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Wang, Xiangjun
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Zhao, Dong
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NCD Risk Factor Collaboration (NCD-RisC)
Rodriguez-Martinez, Andrea
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Zhou, Bin
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Sophiea, Marisa K.
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Bentham, James
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Paciorek, Christopher J.
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Iurilli, Maria L. C.
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Carrillo-Larco, Rodrigo M.
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Bennett, James E.
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Di Cesare, Mariachiara
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Taddei, Cristina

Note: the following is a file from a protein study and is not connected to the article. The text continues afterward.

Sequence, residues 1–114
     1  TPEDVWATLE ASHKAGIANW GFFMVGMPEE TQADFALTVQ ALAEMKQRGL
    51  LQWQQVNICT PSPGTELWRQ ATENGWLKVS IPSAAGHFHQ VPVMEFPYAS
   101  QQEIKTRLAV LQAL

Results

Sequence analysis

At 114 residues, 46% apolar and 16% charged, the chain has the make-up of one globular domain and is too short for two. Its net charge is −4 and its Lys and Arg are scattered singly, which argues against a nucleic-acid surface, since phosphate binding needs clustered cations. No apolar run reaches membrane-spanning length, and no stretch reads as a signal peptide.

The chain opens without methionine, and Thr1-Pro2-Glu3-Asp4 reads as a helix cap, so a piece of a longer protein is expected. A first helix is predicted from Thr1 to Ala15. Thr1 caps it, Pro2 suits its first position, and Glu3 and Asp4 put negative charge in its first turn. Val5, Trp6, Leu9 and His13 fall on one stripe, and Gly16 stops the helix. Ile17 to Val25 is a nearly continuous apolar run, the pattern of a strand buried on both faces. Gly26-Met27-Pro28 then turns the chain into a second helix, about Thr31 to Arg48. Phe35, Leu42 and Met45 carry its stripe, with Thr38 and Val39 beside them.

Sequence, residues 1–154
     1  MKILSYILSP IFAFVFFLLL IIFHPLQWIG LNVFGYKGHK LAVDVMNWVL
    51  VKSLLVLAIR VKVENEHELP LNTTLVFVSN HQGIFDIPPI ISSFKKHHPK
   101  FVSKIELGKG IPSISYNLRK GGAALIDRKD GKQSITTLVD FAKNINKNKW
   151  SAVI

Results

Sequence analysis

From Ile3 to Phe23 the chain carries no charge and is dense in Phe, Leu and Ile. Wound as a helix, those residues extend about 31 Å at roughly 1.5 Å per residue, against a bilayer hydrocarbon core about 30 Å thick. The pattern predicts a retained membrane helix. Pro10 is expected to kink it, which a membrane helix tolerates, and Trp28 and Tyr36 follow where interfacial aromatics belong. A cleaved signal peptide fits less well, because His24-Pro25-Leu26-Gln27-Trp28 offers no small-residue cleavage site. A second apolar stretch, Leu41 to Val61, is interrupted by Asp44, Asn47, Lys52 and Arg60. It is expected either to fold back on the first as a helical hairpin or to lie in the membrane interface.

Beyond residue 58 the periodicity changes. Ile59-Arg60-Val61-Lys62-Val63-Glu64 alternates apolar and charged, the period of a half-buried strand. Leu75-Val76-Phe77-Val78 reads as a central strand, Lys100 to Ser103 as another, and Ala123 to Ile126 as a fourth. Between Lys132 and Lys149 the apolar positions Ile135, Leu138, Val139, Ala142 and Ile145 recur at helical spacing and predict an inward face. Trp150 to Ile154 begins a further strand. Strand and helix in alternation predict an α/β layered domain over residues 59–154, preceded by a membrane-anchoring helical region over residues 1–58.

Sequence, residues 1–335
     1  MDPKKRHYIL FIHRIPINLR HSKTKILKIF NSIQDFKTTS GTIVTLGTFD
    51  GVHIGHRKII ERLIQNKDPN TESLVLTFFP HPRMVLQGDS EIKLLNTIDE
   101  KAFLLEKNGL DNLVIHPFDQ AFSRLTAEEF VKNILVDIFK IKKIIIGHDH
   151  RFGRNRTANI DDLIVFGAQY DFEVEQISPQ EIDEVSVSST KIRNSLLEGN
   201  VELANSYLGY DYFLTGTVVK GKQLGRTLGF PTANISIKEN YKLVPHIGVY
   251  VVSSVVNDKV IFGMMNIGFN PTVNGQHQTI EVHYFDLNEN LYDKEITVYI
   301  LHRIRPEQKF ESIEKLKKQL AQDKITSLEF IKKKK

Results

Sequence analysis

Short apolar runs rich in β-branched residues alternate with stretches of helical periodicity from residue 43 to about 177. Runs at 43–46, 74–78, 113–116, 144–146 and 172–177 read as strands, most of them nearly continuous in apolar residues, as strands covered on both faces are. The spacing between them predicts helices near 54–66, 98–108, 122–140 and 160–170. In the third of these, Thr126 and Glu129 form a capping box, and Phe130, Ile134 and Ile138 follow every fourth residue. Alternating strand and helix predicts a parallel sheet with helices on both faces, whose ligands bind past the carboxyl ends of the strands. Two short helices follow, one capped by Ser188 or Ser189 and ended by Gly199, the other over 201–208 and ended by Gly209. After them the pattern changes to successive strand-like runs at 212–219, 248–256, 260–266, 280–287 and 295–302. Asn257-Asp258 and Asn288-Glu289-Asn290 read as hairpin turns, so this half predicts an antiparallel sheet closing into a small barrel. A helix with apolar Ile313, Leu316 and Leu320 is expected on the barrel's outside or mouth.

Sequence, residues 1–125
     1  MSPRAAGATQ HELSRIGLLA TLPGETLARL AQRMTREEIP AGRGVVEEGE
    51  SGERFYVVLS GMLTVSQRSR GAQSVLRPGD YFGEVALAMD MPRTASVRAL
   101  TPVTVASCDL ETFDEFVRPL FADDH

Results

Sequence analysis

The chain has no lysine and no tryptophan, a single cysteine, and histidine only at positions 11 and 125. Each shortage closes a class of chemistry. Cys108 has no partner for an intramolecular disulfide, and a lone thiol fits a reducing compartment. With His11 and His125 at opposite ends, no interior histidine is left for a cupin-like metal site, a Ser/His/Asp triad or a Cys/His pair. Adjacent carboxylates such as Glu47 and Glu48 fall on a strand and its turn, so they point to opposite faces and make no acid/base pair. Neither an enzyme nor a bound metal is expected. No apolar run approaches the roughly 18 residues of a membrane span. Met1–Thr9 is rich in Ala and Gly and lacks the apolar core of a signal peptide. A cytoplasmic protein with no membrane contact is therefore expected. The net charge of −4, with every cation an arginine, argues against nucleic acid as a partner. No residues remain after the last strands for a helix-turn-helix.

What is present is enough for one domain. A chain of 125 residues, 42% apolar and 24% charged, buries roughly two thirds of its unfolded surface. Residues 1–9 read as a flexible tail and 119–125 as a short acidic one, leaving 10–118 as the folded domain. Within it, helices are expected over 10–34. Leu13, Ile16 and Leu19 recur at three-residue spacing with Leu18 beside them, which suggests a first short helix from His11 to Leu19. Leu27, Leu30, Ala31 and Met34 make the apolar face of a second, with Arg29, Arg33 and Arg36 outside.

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Bixby, Honor
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Stevens, Gretchen A.
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Riley, Leanne M.
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Cowan, Melanie J.
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Savin, Stefan
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Danaei, Goodarz
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Chirita-Emandi, Adela
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Kengne, Andre P.
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Malekzadeh, Reza
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Miranda, J. Jaime
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Moon, Jin Soo
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Popovic, Stevo R.
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Sorensen, Thorkild I. A.
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Soric, Maroje